The flag of Kurdistan (Kurdish: ئاڵای کوردستان, Alaya Kurdistanê) is the flag of Kurds[2][3][1] and was created by the Society for the Rise of Kurdistan in 1920. It would later, in different variants, be adopted as the national flag of different Kurdish states including Republic of Ararat, Republic of Mahabad and most recently by Kurdistan Region in 1992. Moreover, the Kingdom of Kurdistan used the crescent flag (shown below) which was also considered a Kurdish flag.[1]

Alaya Rengîn ("The Colourful Flag")
Adoptedc. 1927 by Republic of Ararat[1]
1992 by Kurdistan Region
DesignA red, white, and green tricolour, with a yellow 21 rayed sun in the center (Kurdish Sun).


Union Jack

In October 1918, near the end of World War I, Mahmud Barzanji broke away from the Ottoman Empire and established the Kurdish state. As it was initially subordinate to Britain, the polity flew the British Union Jack until it revolted in May 1919.[4]

Crescent flag

In May 1919, the Kurdish State revolted against the British Empire, and adopted a crescent flag. The British Empire conquered the Kurdish state in June 1919.[5][6]

After the establishment of the Kingdom of Kurdistan in 1921, The crescent flag was again hoisted in Sulaymaniyah by Mahmud Barzanji. According to historian Rafiq Hilmi, the Kingdom of Kurdistan considered the crescent flag as the national flag of Kurds. He wrote: "A big meeting was held at the house of Şêx Qadir, the Speaker of the National Assembly, and with official permission, the official Kurdish flag was raised. On the day of the meeting, about 10,000 people gathered in front of the Grand Mosque."[1]

CTK flag

This flag was created in 1920 by the Society for the Rise of Kurdistan (CTK). Shortly after, it was used by the nationalist party Xoybûn who hoisted the flag over the city of Ağrı during the Ararat rebellion. In his memoir Doza Kurdistan, Kurdish politician Kadri Cemilpaşa of the CTK declared that this flag was the national Kurdish flag whose colors and shape had now been defined. In 1925, during the trial of CTK politicians in Turkey, they stated that the Ottoman flag was dead and that the Kurdish flag would shine like a sun.[1]

Republic of Mahabad (1940s)

Prior to the declaration of the Republic of Mahabad from Iran in 1946, Kurdish leaders in Iran from Democratic Party of Iranian Kurdistan (KDPI) with support from Kurds in Iraq, had prepared the flag to be used as the national flag of the Mahabad Republic. The prepared flag was altered and approved by the KDPI who went on to hoist it in the official office of the Iranian government in Mahabad on 17 December 1945. When the republic was declared on 22 January 1946, the flag was hoisted at the main square while Ey Reqîb was being sung. In his speech, President Qazi Muhammad declared the flag as "flag of Kurdistan" and it was hoisted in all towns which was under his control. Days before the collapse of the republic, President Muhammad handed over the flag on his desk to Mustafa Barzani, leader of Kurdistan Democratic Party, who had fled to Mahabad after the 1943 Barzani revolt.[1]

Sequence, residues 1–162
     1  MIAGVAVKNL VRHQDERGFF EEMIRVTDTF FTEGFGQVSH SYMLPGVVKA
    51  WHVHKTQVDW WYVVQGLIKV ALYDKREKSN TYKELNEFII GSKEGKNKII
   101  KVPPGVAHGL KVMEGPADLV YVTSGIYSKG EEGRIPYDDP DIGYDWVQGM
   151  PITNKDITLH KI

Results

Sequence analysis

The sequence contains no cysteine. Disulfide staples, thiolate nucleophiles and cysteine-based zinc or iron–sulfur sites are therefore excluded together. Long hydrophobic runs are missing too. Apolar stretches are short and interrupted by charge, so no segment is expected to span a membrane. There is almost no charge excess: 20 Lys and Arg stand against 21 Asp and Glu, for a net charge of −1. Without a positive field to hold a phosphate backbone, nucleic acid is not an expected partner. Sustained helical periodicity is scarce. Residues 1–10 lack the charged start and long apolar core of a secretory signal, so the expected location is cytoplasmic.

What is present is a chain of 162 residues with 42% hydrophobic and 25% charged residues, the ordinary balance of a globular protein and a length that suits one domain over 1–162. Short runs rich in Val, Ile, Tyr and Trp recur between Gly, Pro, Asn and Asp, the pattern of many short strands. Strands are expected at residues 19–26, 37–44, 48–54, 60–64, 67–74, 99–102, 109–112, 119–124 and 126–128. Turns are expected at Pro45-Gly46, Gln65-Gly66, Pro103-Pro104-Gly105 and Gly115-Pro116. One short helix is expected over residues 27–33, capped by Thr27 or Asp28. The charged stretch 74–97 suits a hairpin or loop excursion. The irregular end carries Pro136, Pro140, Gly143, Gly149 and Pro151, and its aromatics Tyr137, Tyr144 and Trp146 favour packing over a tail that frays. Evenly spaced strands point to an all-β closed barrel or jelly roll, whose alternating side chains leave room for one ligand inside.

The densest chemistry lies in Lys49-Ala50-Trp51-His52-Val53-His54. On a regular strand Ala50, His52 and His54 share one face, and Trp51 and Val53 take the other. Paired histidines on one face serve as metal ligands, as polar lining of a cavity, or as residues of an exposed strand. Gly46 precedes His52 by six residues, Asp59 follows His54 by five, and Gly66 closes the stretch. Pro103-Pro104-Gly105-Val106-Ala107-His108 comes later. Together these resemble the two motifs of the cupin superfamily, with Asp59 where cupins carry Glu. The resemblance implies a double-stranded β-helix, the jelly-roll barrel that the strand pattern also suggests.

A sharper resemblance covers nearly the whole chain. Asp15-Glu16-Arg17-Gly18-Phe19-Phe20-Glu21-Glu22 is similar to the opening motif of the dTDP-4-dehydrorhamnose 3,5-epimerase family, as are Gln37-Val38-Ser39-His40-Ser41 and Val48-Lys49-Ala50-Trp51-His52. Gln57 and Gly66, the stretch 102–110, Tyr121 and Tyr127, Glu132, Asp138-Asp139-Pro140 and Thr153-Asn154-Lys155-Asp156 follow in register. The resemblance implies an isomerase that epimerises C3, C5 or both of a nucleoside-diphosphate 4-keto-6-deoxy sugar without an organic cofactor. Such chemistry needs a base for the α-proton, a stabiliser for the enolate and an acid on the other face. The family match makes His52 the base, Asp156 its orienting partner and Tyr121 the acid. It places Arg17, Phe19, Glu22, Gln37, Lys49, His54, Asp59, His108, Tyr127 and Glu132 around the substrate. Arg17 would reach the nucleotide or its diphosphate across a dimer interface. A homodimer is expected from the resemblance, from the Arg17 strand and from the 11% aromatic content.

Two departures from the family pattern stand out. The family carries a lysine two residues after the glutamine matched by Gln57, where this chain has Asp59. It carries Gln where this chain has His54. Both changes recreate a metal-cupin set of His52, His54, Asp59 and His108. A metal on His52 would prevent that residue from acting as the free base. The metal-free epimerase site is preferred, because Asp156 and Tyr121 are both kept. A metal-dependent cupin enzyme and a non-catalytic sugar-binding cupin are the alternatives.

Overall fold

The Kurdish flag is the most important symbol of cohesive Kurdish identity. Since it was first hoisted in 1946 to represent the concept of an independent Kurdistan (called the Republic of Mahabad and founded in Iranian territory) it has become a symbol of the national identity of Kurds.[7]

The main characteristic of the flag is the blazing golden sun emblem (Roj in Kurdish) at its center. The emblem's sun disk has 21 rays, equal in size and shape, with the single odd ray at top and the two even rays on the bottom.

The symbolism of the colours is:[8][9]

Colour Meaning

RGB: (235,35,35)

HEX: #ED2024

Symbolizes the blood of the martyrs and the continued struggle for freedom and dignity.

RGB: (39,138,65)

HEX: #278E43

Expresses the beauty and landscapes of Kurdistan. Life and vitality.

RGB: (250,185,20)